Economically, he plans to support Georgia’s strong industries in agriculture, tourism, film production and manufacturing – although his campaign does not specify how.
Since being diagnosed with dissociative identity disorder, Walker has worked to break the stigma surrounding mental health, making awareness a personal priority.
Walker relies heavily on prayer and faith to guide him, with his campaign calling him a “compassionate conservative who is pro-life and pro-family”. He stressed during the election campaign that families should make their own personal decisions with little government interference.
Walker pledged to protect and preserve the U.S. Constitution and stood by the debunked claim that there was voter fraud in the 2020 election.
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Chase Olivier (L)
Casting himself as the candidate not focused on special interests, deadlocks and partisan fights – Chase Oliver is running as the libertarian candidate in hopes of fitting into the two-party system of the US Senate.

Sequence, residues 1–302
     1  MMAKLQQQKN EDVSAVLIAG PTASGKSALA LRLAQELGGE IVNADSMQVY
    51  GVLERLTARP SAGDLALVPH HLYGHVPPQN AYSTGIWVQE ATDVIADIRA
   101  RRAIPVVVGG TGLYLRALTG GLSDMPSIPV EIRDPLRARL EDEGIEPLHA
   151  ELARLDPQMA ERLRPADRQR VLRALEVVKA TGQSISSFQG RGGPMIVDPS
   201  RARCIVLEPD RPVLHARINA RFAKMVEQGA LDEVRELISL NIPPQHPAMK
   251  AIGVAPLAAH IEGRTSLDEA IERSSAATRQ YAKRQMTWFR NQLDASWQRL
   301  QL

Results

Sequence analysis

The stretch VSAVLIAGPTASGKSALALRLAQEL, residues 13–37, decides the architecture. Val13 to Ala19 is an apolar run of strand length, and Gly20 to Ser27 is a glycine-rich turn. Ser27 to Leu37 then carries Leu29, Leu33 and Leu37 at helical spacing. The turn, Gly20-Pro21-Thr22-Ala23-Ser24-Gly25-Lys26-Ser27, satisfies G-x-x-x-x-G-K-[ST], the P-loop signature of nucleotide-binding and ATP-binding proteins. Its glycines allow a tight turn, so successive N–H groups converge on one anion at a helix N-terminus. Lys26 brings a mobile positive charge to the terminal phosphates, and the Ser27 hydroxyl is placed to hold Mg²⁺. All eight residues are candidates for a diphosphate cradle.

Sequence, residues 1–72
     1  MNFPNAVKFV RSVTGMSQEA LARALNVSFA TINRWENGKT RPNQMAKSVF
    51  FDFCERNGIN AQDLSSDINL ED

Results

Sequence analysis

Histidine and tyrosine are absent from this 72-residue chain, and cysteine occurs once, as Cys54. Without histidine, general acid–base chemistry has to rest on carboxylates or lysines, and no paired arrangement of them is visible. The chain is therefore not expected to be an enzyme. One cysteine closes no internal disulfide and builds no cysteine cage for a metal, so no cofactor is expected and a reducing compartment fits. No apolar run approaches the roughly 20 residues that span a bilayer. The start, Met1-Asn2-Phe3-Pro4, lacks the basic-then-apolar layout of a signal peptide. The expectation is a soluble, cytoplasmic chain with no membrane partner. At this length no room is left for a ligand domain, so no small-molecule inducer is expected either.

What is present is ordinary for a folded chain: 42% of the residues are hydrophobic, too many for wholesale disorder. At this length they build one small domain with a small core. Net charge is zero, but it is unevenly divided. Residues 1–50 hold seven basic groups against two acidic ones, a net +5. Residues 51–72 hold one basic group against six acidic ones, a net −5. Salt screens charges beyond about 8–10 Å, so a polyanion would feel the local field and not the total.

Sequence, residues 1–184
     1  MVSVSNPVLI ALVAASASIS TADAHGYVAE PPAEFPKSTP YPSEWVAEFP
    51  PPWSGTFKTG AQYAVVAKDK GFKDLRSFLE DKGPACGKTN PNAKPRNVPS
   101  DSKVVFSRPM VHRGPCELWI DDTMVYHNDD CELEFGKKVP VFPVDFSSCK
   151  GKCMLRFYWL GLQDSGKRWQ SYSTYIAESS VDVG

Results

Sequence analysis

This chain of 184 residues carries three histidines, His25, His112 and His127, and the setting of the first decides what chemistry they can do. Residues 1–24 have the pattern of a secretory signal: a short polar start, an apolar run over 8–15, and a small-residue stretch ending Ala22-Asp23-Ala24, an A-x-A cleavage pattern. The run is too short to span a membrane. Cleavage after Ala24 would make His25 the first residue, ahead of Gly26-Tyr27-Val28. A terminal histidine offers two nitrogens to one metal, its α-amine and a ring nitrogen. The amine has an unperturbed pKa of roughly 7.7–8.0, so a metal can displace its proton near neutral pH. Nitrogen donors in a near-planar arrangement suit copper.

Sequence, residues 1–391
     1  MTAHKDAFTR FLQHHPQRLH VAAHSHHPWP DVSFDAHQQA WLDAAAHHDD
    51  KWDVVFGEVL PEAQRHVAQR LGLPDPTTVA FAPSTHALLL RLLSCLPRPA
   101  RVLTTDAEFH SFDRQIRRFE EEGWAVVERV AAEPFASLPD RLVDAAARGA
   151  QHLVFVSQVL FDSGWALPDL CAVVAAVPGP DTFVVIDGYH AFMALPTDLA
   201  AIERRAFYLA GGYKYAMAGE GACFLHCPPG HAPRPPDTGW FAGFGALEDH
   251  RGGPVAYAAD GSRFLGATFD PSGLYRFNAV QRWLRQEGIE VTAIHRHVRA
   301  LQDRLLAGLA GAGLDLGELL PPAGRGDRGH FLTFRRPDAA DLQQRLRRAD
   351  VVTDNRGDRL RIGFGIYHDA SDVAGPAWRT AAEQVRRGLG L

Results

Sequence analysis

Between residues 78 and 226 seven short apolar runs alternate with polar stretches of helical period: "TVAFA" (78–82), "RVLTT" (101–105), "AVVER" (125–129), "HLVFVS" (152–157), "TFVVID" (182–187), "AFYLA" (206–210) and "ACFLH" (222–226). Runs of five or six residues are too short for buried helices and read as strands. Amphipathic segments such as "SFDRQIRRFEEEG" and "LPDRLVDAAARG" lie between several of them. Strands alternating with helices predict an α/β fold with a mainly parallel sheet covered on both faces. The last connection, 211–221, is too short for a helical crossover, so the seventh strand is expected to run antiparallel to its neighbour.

Oliver’s priorities are to reform the country’s immigration system and simplify complex laws and regulations to help improve the country’s economy and quality of life. He also hopes to hold the people, not the government, accountable by ending qualified immunity for federal law enforcement and ending mandatory minimum sentences to reform the justice system.
Here’s where he stands on other major issues.
The libertarian proposed going through tax and regulatory codes line by line to make it easier to start a new business and remove the competitive advantages that big business has used through lobbying. Oliver also thinks Georgia should officially legalize cannabis to help boost the economy and get more people out of jail and jail.
People create jobs, not government, according to Oliver’s campaign, which is why his priority is to help businesses thrive in the fairest way possible.
When it comes to health care, Oliver aims to leave the personal decisions to the patient. He doesn’t want the government to expand its involvement in everyone’s well-being and commit to ending programs that do so while protecting everyone’s civil liberties.
Oliver’s point of view is simple: protect people’s civil liberties.
It plans to decriminalize cannabis, end prosecutions for “victimless crimes” and not limit a person’s inherent rights – such as the right to vote. He believes that law enforcement and the government should assume their role in securing freedom instead of denying or limiting it.